Here some suggested organisations that offer expert advice on SN.
AS, ASD, Dyspraxia - how has it impacted on your life?(7 Posts)
I posted this in Parents with disabilities too but I think speaking to parents with autistic children would be good too.
As the title of the thread suggests I'm looking to find out what influence having autistic spectrum disorder, aspergers syndrome or dyspraxia has had for you.
My DS has possibly one (or all 3?) of these disorders as he has lists of strong traits for all of them. I'm worried about his future, what he'll be able to accomplish or what he'll struggle with. I've been researching online but nothing is better than experience, so please share your stories, they will be very much appreciated.
Influence? Made me far more tolerant and understanding than I ever thought I could be for one.
In terms of his future, well even though DS is high functioning, he will need a lot of support in his adult life. Not necessarily living with us all his life, but more help and guidance than most, possibly supported housing, or a very tolerant partner.
With the right support and in the right educational establishment for the child then there is no reason why anyone with ASD cannot fulfil their own potential.
Only have a small amount of experience to share...but it's made me re-evaluate myself. For example, I by nature am always looking to the next thing to achieve and not really good at enjoying what I have. Since having DS and it's been one thing after another which are out of my control, I've learned to be much mote appreciate of the present and although I'm still workig towards the future, it's not all consuming.
I've also discovered that other people can be really helpful in terms of helping your child, I always just wanted to do everthing myself...but I don't have all the answers and that's ok. I always previously felt like I should know best for DS, but sometimes you have to search out others opinions and consider them with an open mind.
I'm still struggling with worrying about what the future holds for him, but what parent doesn't irrespective of SN. I try not to worry about coping or dealing with things in the perfect way anymore and just try my best and keep trying to improve.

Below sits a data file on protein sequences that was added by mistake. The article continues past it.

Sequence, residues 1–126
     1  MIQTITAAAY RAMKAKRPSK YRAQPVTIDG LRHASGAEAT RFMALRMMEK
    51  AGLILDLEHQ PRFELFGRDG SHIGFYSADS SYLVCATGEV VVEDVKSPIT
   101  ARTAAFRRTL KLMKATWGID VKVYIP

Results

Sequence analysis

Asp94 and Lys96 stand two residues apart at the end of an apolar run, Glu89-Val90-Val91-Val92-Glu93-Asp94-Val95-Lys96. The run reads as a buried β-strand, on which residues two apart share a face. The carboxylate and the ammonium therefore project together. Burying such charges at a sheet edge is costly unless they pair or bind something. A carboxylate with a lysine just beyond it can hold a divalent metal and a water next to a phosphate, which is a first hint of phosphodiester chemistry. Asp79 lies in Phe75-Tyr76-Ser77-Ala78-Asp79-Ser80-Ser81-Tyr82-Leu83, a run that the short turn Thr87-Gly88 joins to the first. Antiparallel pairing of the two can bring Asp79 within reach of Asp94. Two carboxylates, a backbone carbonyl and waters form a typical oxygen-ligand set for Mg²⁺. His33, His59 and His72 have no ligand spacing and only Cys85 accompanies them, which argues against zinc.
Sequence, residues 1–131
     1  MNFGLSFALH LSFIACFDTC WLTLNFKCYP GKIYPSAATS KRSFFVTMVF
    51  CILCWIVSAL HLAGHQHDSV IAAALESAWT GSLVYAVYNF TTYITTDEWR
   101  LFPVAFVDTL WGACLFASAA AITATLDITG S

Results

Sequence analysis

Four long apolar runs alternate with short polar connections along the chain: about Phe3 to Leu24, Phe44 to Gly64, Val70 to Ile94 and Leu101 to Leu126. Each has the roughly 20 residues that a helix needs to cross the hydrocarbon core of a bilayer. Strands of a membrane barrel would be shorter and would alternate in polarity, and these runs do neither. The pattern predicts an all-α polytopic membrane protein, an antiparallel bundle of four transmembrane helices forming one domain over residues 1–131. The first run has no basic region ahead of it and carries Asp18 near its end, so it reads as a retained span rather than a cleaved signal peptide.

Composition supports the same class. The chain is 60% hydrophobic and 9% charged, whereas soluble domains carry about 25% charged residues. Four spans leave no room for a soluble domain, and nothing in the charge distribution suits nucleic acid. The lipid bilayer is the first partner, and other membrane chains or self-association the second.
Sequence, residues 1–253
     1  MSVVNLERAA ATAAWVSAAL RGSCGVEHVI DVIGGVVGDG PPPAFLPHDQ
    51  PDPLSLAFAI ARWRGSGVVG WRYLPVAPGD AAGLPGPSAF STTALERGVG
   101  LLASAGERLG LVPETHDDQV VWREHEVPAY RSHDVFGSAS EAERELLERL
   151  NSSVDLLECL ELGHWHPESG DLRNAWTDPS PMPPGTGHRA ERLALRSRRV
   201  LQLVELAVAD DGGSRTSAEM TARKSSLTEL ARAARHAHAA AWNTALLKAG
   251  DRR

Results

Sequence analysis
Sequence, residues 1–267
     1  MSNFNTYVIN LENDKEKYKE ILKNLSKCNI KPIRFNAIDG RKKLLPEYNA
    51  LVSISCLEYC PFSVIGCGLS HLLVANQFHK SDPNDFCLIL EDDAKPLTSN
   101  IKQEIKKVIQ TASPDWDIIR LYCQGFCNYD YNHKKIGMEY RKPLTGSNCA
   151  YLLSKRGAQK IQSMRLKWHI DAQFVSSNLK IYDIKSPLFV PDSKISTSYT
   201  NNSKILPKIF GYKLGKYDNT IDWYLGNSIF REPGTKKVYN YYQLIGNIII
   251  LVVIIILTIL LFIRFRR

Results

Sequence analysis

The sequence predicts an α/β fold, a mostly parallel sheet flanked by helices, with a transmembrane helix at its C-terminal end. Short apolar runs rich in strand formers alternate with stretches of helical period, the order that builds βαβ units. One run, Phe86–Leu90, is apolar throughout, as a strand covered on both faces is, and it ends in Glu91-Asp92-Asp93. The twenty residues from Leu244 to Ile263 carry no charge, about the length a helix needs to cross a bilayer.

Not sure if this is what you were asking...Hope It helps.
Patty That is one thing I've been worried about with my DS, would he be able to stay in a mainstream school or eventually get a good job? And when he's older would he be able to live on his own or get married and have children? I've so many questions but I think I'm quite scared to have them answered at the same time iykwim, incase I get an answer that isn't what I was hoping for.
Mango That's great thanks a lot I've been reluctant to ask for help incase that shows that I can't cope with DS on my own. And the controlling thing I can relate to aswell, I feel like I've lost a lot of control with a lot of things and now I've noticed that I've been more controlling of other things to try and compensate for what I can't control, like making sure DS only has healthy food, only watches certain tele programs, etc, but to the point of seeming neurotic!
Glad it helped, it's a very confusing time... Don't be too hard on yourself, I've seen several examples of SN parents on mn that are coping and doing a sterling job in the face of adversity and that's what I am looking towards, just go to get past our own issues while focussing on dcs. Nothing prepared you for it, it must just happen through perseverance and self awareness.
I think you need to turn that viewpoint on it's head and ask why you want him to stay in a mainstream school? Do you feel (as many sadly do) that there is a stigma attached to non-mainstream settings? Or that he will not do as well out of m/s schools?
The right school for the right child will make a world of difference to how they will cope, progress and thrive. A child who is misunderstood and not supported in a highly academic school will not do as well as a they could in a SN school where their needs may be better met.
DS was diagnosed at 5 - he is now 13 and seems to have peaks and troughs of development - some days I can imagine him as the next Bill Gates, other days I fear if he continues as he is then he will end up in prison. That is no different to other children not on the spectrum.
What I have found over the last 8 years is that the right support - for him and you, is key.
And sadly it is something that you have to really fight for.
I have a son and daughter with autism, ds was diagnosed at three and dd at two so we have had autism on our lives for more than thirteen years. I'd say I am more tired, more disillusioned and definitely poorer than I would have been without the autism.I am also far more tolerant, understanding and resourceful as well so I think it's probably a case of swings and roundabouts.
I would say you can never predict the future, certainly ds and dd have surpassed all expectations but ds will never be independent as I was told when he was three but have only just accepted now he's 16. As for dd her diagnosis was even bleaker but she has made fantastic progress whether or not she will become independent only time will tell I suppose.
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